hannah from like mama~like daughter is guest blogging for me today. i've heard a lot of people say attachment parenting produces "spoiled" children. this is such a sweet post from a mama doing what works for her and her family. thanks hannah, for putting it into perspective! all photos were sent to me by hannah to use for this post. :)
In the past year and a half that I have been a mama, it has been brought to my attention a few times that some people perceive things differently than I do. It all started last November, when my uncle was in to visit for Thanksgiving. I mentioned that Bunny, then seven months of age, slept with us (she still does today). He looked at me and said, "Oh, she is spoiled is she?"
What? Bunny spoiled? My perfect little baby girl? The thought had never crossed my mind that, though she was a bright, healthy and pleasant baby, she would be labeled "spoiled" simply for the way in which I parented. That by bed sharing, breastfeeding, wearing her close to me, feeding her healthy, preferably organic food, cloth diapering, and working at home to be with her, she would become described by a word as defined by Webster's dictionary to mean "rotten" and "foul."
As the months went by, I continued to attachment-parent and Bunny continued to thrive. She was just under 14 months old, when a friend asked, "You aren't still breastfeeding her, are you?" I was, and still am today. I don't plan on weaning her anytime soon. But why is this odd to people? Why is it shocking to see a mama do the best she can for her child?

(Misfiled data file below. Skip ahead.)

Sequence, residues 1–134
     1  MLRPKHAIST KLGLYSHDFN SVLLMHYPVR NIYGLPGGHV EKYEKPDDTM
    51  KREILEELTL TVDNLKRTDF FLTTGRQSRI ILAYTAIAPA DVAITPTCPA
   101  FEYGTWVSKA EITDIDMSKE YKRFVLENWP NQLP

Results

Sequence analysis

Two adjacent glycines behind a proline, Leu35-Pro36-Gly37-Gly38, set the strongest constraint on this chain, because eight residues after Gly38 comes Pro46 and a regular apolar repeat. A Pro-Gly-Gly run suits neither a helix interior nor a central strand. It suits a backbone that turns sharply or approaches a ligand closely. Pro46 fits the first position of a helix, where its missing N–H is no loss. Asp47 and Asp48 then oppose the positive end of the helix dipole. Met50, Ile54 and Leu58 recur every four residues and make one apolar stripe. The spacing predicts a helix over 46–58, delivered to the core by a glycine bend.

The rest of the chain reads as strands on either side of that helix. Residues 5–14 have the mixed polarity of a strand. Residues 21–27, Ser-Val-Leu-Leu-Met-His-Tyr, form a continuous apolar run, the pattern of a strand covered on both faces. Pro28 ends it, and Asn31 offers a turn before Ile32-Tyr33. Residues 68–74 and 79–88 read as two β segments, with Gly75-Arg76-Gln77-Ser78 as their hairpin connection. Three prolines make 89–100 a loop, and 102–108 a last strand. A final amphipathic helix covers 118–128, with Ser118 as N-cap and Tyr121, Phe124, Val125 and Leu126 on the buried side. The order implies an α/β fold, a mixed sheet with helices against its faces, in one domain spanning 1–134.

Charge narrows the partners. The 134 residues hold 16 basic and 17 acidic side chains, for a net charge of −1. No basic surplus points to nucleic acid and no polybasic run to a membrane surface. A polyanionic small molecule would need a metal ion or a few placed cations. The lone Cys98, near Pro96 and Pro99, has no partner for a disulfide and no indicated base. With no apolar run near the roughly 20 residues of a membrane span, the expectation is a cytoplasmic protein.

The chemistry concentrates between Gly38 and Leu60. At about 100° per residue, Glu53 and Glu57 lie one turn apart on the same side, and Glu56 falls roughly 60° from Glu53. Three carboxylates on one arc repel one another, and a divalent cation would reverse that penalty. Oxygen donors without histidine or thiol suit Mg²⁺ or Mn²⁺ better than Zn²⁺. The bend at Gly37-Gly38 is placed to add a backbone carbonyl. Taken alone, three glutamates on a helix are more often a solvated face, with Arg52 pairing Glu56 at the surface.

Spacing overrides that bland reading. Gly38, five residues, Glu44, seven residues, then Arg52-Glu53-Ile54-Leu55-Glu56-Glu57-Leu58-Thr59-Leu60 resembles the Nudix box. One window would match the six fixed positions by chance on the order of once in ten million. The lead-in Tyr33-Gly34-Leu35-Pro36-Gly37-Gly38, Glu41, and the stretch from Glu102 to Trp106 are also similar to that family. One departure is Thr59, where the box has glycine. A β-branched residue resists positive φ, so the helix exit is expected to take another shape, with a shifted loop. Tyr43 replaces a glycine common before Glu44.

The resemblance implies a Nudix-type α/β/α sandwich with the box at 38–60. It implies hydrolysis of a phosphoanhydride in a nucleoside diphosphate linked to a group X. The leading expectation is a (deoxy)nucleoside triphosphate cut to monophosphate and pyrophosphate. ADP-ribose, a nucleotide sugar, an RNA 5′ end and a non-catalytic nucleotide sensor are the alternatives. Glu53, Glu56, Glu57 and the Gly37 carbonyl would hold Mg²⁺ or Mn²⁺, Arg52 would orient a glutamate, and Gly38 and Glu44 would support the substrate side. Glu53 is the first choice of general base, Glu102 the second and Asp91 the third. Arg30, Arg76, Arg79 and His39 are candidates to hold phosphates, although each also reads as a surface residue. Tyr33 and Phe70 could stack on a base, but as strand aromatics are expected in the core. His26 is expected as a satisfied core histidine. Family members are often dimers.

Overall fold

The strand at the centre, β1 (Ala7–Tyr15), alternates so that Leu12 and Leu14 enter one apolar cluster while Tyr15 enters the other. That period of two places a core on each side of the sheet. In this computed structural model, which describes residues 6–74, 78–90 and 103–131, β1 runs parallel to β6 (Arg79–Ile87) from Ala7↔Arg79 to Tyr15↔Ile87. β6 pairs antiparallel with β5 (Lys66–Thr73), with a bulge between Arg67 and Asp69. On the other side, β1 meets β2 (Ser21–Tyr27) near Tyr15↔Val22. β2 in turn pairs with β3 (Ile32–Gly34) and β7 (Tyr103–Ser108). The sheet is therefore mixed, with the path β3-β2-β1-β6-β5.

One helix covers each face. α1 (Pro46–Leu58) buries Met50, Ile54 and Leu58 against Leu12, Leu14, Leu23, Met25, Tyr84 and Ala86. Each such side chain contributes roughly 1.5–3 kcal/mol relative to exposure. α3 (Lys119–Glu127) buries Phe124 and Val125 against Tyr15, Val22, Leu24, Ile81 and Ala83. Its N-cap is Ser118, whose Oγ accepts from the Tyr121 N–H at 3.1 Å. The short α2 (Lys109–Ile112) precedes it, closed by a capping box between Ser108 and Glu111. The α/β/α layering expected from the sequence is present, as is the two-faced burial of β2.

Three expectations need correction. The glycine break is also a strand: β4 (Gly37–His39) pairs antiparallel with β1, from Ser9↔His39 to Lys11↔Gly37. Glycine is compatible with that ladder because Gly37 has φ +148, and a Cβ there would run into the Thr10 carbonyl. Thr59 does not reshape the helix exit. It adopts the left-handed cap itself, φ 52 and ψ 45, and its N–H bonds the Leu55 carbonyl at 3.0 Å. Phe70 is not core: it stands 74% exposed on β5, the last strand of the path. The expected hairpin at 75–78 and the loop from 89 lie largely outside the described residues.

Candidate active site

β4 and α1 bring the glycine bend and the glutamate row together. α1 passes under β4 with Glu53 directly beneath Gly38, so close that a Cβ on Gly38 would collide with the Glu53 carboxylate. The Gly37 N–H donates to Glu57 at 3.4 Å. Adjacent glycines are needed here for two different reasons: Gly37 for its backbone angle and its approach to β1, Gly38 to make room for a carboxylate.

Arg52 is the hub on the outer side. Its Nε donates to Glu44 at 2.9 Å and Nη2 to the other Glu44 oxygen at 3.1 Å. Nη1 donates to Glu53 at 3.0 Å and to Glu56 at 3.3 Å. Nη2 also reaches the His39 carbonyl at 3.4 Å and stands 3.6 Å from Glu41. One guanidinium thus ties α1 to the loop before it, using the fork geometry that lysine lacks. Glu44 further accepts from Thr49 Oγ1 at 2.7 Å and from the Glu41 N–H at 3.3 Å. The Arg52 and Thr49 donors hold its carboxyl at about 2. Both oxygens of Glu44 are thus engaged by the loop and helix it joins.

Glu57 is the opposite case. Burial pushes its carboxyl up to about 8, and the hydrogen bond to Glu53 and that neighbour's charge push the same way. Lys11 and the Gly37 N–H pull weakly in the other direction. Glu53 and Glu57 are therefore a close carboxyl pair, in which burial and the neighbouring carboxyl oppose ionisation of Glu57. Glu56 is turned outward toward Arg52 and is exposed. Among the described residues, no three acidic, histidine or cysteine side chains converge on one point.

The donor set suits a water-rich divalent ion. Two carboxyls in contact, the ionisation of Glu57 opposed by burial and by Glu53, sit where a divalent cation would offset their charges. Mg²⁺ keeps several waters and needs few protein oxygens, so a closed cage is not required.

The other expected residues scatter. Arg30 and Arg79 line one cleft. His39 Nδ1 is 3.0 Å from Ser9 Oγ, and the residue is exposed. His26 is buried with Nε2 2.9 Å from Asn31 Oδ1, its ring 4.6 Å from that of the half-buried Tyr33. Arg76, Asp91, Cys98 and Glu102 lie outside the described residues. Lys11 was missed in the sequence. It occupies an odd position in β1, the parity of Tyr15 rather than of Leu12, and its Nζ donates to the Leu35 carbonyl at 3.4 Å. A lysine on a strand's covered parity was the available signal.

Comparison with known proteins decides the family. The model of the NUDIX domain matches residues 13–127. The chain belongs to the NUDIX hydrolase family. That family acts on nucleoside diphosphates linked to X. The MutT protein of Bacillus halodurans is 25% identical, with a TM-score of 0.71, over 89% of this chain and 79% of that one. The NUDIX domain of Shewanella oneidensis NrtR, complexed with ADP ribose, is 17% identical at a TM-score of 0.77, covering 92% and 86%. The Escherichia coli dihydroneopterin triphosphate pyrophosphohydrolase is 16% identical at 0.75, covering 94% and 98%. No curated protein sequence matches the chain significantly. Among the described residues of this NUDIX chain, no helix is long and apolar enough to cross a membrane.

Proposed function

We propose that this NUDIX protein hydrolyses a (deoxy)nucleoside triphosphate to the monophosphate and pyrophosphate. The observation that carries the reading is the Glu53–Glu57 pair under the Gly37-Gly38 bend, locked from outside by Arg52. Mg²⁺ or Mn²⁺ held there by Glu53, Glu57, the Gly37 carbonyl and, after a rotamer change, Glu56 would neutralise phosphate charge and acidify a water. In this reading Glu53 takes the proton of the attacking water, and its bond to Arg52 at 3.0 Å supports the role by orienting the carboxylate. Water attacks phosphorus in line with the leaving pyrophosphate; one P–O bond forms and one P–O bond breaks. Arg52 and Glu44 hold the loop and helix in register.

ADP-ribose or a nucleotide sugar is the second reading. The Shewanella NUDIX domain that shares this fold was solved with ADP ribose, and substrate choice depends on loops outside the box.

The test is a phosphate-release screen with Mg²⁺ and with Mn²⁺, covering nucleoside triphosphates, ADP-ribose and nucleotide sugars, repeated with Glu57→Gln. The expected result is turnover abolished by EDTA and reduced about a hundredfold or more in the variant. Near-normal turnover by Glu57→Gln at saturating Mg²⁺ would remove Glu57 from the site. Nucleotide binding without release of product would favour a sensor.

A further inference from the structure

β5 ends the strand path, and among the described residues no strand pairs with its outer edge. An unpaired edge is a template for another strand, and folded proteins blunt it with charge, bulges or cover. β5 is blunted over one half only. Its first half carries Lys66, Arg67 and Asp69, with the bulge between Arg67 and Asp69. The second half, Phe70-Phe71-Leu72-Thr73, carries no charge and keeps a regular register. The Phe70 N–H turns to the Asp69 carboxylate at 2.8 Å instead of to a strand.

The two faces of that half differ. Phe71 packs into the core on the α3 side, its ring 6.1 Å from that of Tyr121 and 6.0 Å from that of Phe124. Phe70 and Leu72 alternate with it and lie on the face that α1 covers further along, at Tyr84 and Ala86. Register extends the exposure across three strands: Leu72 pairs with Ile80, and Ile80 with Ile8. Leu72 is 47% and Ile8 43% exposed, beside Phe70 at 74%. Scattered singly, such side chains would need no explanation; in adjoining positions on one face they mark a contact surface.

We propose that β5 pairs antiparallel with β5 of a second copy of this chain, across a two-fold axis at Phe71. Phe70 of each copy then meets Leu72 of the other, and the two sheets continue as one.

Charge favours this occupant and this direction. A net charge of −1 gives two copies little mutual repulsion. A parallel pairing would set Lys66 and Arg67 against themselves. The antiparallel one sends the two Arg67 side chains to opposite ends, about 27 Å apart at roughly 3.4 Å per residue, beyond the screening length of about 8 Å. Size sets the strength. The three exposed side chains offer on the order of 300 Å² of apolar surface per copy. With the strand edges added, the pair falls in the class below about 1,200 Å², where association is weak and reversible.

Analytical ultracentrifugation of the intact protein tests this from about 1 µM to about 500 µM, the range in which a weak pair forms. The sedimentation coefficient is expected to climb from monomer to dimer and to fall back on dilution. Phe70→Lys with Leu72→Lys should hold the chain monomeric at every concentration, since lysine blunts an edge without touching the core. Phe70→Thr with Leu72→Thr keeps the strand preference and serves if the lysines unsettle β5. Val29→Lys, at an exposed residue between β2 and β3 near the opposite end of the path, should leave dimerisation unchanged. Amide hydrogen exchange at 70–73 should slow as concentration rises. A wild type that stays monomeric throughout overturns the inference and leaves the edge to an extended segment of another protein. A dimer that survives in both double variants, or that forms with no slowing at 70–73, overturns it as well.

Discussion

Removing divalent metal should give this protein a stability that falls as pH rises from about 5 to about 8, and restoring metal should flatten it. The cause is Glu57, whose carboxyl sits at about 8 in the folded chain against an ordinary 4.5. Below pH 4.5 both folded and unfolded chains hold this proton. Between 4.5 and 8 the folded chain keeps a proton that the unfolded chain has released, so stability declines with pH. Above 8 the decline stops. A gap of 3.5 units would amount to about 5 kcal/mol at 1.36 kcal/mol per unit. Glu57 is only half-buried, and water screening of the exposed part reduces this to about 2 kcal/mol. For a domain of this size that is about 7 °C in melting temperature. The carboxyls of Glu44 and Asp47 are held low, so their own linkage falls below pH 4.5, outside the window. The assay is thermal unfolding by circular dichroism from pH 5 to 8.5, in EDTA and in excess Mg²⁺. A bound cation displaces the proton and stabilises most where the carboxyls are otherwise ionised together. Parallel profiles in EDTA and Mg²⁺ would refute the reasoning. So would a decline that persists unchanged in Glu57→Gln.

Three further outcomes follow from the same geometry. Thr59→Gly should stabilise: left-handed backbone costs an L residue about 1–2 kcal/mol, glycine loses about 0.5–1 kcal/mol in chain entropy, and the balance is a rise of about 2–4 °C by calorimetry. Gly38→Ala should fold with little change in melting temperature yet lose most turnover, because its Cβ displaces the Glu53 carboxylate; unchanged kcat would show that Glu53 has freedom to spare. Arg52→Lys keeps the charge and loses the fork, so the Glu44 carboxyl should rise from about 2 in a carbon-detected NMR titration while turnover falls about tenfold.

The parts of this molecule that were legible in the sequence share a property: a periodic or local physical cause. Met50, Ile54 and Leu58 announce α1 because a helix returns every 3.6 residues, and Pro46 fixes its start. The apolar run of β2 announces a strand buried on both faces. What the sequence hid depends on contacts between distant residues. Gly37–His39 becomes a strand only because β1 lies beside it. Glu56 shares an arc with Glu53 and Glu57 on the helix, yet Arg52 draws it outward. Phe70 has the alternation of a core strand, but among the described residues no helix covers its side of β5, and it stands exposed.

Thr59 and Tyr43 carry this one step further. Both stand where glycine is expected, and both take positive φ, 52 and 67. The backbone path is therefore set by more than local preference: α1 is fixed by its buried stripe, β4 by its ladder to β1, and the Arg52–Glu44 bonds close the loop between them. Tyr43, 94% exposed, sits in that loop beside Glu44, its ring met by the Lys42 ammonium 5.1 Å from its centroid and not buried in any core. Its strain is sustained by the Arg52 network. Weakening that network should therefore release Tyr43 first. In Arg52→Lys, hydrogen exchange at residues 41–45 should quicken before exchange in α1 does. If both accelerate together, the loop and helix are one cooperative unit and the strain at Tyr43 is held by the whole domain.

Today, children are often looked upon as a nuisance. Something to be avoided at all cost. And when we do have them, we are cautioned not to let them change our lives. Well, I have news for you, true love changes your life. It always has and always will. My life changed when I fell in love with my husband, and as I find myself more and more lost in love with my child, I think back to the person I was before them. I do not even know that person sometimes. A weak, quiet, little girl is all that was there. I learned to stand up, when I realized that she would get knocked down otherwise. I learned to speak what my heart was telling me, because she had no voice of her own. I learned to do what is right for her, and THAT is what is right for me.
I am not saying that there is never a moment that I feel like I need a break (she probably needs a break from me too sometimes). I am saying that I love my child more than I ever thought possible. I don't mind letting her define me. She doesn't bother me when her limbs are sprawled out over me while we sleep. She doesn't bother me when I have to stop what I am doing to nurse her (though I have started telling her, "in a minute." if I am in the middle of something important). Actually, these are some of my favorite things about her. I wouldn't trade them for the world. She is already becoming very independent. There will be a time when we no longer do these things together. A time when she is grown. A time when I look back on these days with no regrets, only happy memories. So for now, I will just keep doing what I am doing.
Some people will call my child spoiled, but I call her, I call us (our little family), blessed. It is such a blessing to share this enchanted childhood together. To speak the same secret language, in whispers of I love you. To fall asleep, entangled in the people who love us the most. To dream of wonderful things, and awaken to live out those dreams. To know that when we have nothing else, we have each other. If all you need is love, then all I need is this. This is my happy ending. This is my happily ever after. And it's only just begun. Perhaps I am the one who should be called spoiled.
The face I wake up to every morning.
My 17 month old nursling. True love.